Bob Hanisch described the NSF Datanet initiative, which is an interdisciplinary data curation and preservation program. Datanet projects must span different types of research communities. The NVO project is collaborating with a proposal team led by the JHU library, and has been successful in passing the pre-proposal and full proposal stages of the process. A site review was conducted a few weeks ago. Selections should be announced in August. Projects will be funded for up to $20M over five years, and may be continued for a second five years but with decreasing funding. Part of the challenge to Datanet projects is to make data curation and preservation sustainable; i.e., NSF does not plan to directly fund DCP efforts indefinitely. There may be various models for sustainability, including institutional commitment (research libraries), fees for data providers, fees for data consumers, and/or something else. Solutions may be different for research communities with strong commercial interests (biology, chemistry). The NVO interest in Datanet focuses on the data associated with peer reviewed papers: "homeless data". A solution involves a partnership with the professional societies, the publishers, and the research community.

Andy Lawrence asked about copyright concerns. Bob noted that the AAS has a liberal policy on re-use, and that it holds the copyright for the papers in the ApJ and AJ, not its publishing agent. Francoise Genova noted that they work closely with Astronomy & Astrophysics and have no problems with the tables that they maintain for them.

Dave De Young asked about the practicality of a DCP system for such a wide range of disciplines, from astronomy to ornithology. Bob said that they were starting with a very general data model for observations (drawing on VO experience) in which the where, when, what, how types of questions form the basis for the metadata. Whether this will be sufficiently powerful to span such diverse research areas remains to be seen.

Igor Chillangarian reported that CNES and the Observatory of Paris have been collaborating on data curation, and that he gave an introduction to the VO. He has also been using his own data as a suite of test cases, publishing them through the Observatory and making them available through VO protocols.

Francoise noted that the work they have been doing at CDS for many years now on the tables associated with publications has been successful, and pointed out that there is a significant cost associated with data curation.

Igor said that some authors do not want to share their data. Bob noted that we cannot insist on data publication without first having a means to support it, and that some journals (e.g., in gene sequencing) require data publication as a condition of acceptance of a manuscript.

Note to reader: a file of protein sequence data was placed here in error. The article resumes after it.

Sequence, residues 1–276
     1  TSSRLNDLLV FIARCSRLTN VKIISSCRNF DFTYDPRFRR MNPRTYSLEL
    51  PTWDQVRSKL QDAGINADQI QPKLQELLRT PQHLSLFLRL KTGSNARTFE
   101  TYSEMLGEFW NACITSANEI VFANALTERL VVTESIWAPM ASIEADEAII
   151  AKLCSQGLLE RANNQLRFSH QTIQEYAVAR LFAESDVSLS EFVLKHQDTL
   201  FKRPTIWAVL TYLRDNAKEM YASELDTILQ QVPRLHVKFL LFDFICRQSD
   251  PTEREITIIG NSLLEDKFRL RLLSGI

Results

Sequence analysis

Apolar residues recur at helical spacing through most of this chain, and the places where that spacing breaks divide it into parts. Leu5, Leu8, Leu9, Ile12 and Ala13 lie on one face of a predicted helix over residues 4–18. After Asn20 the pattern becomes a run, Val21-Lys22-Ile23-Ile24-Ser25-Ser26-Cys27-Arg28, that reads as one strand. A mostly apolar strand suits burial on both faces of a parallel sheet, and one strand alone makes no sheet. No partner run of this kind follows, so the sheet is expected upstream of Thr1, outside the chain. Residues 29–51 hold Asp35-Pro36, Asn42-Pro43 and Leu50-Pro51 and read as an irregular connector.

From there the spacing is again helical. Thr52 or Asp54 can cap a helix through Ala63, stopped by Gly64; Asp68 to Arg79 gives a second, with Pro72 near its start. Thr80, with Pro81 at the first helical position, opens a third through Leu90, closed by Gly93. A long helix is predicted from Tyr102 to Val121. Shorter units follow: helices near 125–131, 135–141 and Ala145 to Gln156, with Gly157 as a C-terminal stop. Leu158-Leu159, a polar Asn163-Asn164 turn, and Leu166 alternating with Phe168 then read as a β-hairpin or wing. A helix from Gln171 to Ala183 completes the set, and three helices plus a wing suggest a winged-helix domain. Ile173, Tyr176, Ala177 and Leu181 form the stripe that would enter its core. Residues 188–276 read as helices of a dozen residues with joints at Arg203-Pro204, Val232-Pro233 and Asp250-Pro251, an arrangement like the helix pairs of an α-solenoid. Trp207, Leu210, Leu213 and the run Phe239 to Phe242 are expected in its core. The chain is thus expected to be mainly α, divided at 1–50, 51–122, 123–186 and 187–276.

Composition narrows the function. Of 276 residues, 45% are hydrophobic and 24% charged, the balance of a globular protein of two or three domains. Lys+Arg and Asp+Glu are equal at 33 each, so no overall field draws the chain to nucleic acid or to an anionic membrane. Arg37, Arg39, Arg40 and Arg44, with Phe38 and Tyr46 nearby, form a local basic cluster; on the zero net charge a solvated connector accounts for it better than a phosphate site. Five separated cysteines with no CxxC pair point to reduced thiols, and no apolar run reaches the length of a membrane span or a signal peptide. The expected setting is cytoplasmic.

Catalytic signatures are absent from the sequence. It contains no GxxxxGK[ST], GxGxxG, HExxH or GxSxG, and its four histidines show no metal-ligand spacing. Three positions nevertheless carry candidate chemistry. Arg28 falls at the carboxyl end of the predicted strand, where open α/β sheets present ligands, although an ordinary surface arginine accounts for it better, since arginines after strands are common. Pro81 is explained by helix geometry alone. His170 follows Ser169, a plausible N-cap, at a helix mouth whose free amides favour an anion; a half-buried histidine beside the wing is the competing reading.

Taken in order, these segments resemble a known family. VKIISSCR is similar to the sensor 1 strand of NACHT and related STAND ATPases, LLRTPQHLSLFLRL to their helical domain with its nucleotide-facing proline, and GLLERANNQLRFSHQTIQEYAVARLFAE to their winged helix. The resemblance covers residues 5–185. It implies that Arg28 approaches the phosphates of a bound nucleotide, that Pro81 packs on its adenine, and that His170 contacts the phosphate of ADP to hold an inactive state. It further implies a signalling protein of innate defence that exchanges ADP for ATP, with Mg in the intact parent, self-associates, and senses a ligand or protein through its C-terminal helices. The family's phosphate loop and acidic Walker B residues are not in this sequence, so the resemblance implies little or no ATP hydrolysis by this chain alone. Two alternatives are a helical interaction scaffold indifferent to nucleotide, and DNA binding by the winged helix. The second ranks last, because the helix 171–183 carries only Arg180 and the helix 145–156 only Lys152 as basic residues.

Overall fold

Pepi Fabbiano described in very general terms the US interagency study on DCP. The report was commissioned by the White House and remains confidential until it is accepted by the National Science Board. Pepi served on the subcommittee on interoperability. The study encompassed all government agencies.

Pepi described a similar effort going on within the Smithsonian Institution, which is also very diverse (astronomy, natural history, zoology, meteorology, and museums with many physical artifacts). Some people are just beginning to understand the importance of a digital record. Common access to diverse digital data could enable truly cross-cutting investigations such as in climate change and biodiversity.

Bob showed the website for an upcoming meeting, co-organized by Wolfgang Voges, in which DCP efforts of the Max-Planck-Institutes will be discussed.

Andy reminded us that the UK was active in DCP efforts through the Digital Curation Center (Bob Mann will be assisting with our IVOA activities).

Andy also pointed out the importance of the research library community, and that they command significant resources. And that commercial journal publishers are not sleeping. There is also the open access movement. It is a highly fluid time in publishing, libraries, and information management.

We then turned to discussion of the White Paper. We should be sure to discuss at-risk data (digital and non-digital) and consider the cost-benefit arguments; is all data worth saving? We agreed that preservation of software is very difficult, and maybe even impossible. Software might best be archived via its effect on data (e.g., SDSS DR 1, 2, 3, ... 6. Fine to capture source code. We should describe DCP success stories and then see if the approaches they used are scalable. We need to define the audience for the White Paper. Idea is that it is a policy statement, backed up by the motivation and benefits of DCP, that can be used as leverage by academic departments, institutions, projects, and national and international organizations. Wolfgang has some funding to support work on this White Paper. Our goal is to have a draft ready for discussion at the Interop meeting in October.

-- BobHanisch, based on notes taken by FrancoiseGenova

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